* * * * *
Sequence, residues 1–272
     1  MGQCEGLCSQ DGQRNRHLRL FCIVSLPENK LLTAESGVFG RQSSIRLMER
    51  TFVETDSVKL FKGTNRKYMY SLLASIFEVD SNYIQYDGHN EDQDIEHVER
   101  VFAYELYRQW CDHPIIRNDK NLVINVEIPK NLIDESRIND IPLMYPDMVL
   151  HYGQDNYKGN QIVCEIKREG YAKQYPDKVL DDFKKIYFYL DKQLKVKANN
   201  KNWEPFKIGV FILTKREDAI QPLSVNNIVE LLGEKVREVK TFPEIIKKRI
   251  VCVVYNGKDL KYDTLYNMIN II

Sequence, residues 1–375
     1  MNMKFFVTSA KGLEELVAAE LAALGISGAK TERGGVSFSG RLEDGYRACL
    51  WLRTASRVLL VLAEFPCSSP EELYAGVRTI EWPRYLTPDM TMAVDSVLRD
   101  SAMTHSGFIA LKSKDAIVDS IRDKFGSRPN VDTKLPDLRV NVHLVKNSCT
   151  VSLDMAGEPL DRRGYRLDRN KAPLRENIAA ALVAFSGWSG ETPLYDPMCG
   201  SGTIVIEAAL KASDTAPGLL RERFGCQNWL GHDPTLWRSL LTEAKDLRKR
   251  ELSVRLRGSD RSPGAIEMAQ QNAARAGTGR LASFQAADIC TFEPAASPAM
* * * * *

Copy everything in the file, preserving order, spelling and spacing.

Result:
Sequence, residues 1–272
     1  MGQCEGLCSQ DGQRNRHLRL FCIVSLPENK LLTAESGVFG RQSSIRLMER
    51  TFVETDSVKL FKGTNRKYMY SLLASIFEVD SNYIQYDGHN EDQDIEHVER
   101  VFAYELYRQW CDHPIIRNDK NLVINVEIPK NLIDESRIND IPLMYPDMVL
   151  HYGQDNYKGN QIVCEIKREG YAKQYPDKVL DDFKKIYFYL DKQLKVKANN
   201  KNWEPFKIGV FILTKREDAI QPLSVNNIVE LLGEKVREVK TFPEIIKKRI
   251  VCVVYNGKDL KYDTLYNMIN II

Sequence, residues 1–375
     1  MNMKFFVTSA KGLEELVAAE LAALGISGAK TERGGVSFSG RLEDGYRACL
    51  WLRTASRVLL VLAEFPCSSP EELYAGVRTI EWPRYLTPDM TMAVDSVLRD
   101  SAMTHSGFIA LKSKDAIVDS IRDKFGSRPN VDTKLPDLRV NVHLVKNSCT
   151  VSLDMAGEPL DRRGYRLDRN KAPLRENIAA ALVAFSGWSG ETPLYDPMCG
   201  SGTIVIEAAL KASDTAPGLL RERFGCQNWL GHDPTLWRSL LTEAKDLRKR
   251  ELSVRLRGSD RSPGAIEMAQ QNAARAGTGR LASFQAADIC TFEPAASPAM